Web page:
There are lots of sounds and musical ideas in Punkte that any concert-goer would immediately recognize in this fascinating music. I would recommend the CD of this work to any music lover who is prepared to listen to it over and over again, 'absorbing' the music, so to speak and at each listening being surprised and elated at finding yet another musical relationship of notes and themes.

 

As mentioned above, some of the music seems almost familiar - there is a powerful unison statement of five chords which temporarily halt the proceedings, aggressive motifs that demand our attention, calm introspective moments which invite our concentration: a lot more initially fascinates the listener by the sheer invention of new sounds and orchestral colours. Listening to Punkte for me, is a continual voyage of musical discovery as my brain recognises yet another connection - two oboes sounding two chords which seem to reappear minutes later after waiting patiently to do so: a long held flute note that seems to continue endlessly – acting as a figure of unity, rough and ready short melodies on brass which is unrefusingly intent on being heard.

 

Indeed, several clear melodies can be heard at several points - a three-note motif immediately at the beginning on low woodwind (bassoons) and twenty seconds later a [You tube 30”]five note motif on strings which can be heard again [at 16’12]. Stockhausen never discards something useful – here as a reminder of an opening rhythm.

 

Here Stockhausen is, on the one hand, toying with a four –note rhythmic cell and at the same time telling us to concentrate on it. This can be head at [15’33] - but a few seconds later [15’43 – 49”] two times four notes can be heard. If Stockhausen wants the listener to be made aware of something, he usually achieves this in the smallest possible way. Here [at 15’50] two firm rising pizzicato low notes are followed much higher with a quick three-note –musical ‘wave’ For me this is humorous. But have we heard it before?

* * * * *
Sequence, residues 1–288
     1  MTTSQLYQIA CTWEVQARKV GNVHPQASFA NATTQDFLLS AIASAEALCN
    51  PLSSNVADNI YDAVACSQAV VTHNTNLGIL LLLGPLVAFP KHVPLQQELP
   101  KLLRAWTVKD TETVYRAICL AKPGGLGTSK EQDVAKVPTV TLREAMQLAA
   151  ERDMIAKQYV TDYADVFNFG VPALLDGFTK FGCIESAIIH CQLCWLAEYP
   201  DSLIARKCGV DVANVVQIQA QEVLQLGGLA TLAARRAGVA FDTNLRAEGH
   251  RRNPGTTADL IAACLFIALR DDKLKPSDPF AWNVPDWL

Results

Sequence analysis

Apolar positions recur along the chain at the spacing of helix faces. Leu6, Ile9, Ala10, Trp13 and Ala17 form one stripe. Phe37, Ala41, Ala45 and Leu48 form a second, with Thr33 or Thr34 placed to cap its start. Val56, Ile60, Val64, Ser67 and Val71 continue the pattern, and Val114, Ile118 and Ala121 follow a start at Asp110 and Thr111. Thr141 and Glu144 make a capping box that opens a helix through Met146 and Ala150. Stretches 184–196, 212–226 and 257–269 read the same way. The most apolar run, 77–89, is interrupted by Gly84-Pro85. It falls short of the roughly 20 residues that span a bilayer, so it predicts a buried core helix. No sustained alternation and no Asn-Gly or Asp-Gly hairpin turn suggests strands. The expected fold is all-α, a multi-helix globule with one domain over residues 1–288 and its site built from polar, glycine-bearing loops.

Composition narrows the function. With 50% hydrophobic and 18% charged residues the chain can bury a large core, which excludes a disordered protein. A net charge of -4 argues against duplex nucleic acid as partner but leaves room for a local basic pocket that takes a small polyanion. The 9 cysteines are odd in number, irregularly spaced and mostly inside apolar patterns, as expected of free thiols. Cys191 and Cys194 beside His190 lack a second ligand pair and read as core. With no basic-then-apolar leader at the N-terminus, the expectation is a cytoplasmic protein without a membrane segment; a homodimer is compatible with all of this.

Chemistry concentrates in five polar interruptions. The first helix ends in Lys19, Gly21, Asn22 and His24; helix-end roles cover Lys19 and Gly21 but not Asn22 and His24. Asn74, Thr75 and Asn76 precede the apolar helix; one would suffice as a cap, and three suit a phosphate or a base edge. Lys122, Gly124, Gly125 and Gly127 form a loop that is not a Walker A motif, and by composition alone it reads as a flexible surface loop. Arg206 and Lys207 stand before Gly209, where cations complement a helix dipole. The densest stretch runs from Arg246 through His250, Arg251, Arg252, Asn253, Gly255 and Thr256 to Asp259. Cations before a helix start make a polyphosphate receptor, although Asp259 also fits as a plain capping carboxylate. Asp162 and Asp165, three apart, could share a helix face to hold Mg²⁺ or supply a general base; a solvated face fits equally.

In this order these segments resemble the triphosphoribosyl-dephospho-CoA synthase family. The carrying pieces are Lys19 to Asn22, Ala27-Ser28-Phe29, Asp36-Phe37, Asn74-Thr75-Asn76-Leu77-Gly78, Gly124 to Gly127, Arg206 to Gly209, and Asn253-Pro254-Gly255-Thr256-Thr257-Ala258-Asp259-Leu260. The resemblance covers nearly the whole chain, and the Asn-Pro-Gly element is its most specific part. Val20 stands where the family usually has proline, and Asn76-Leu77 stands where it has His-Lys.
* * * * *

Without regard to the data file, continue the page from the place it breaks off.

There is a definite three-note rhythmic cell which is loudly orchestrated in the opening sounds [at 0’16”] – but perhaps.....

 

The above has been written to say to listeners ‘The music examples given, have been so to demonstrate that all we have to do with Stockhausen’s music is listen intently and enjoy the musical discoveries – they could be endless!

 

The chord at 22’29 note is the first 'isolated' single sound: it is tempting to think that single massive chords - one delirious - are an expansion of this and whether or not a development can be traced of each of the musical 'blocks' heard in the first twenty seconds of the work.

 

Towards the end of the work, it seems to me that different sections of the orchestra club together and begin to rival one another, each one striving for supremacy as if at a rowdy party. Suddenly, they decide to leave and fall over each other as they all try to leave at once.

 

As each of us develops our own perceptions of a work and how we 'make sense' of it, the listener will find endless musical enjoyment - and a deeper understanding of Stockhausen's genius - as he gets to know more and more of this fascinating and enjoyable work. 

 

Please don’t refrain from a smile – and a broad one!

 

I. Morgan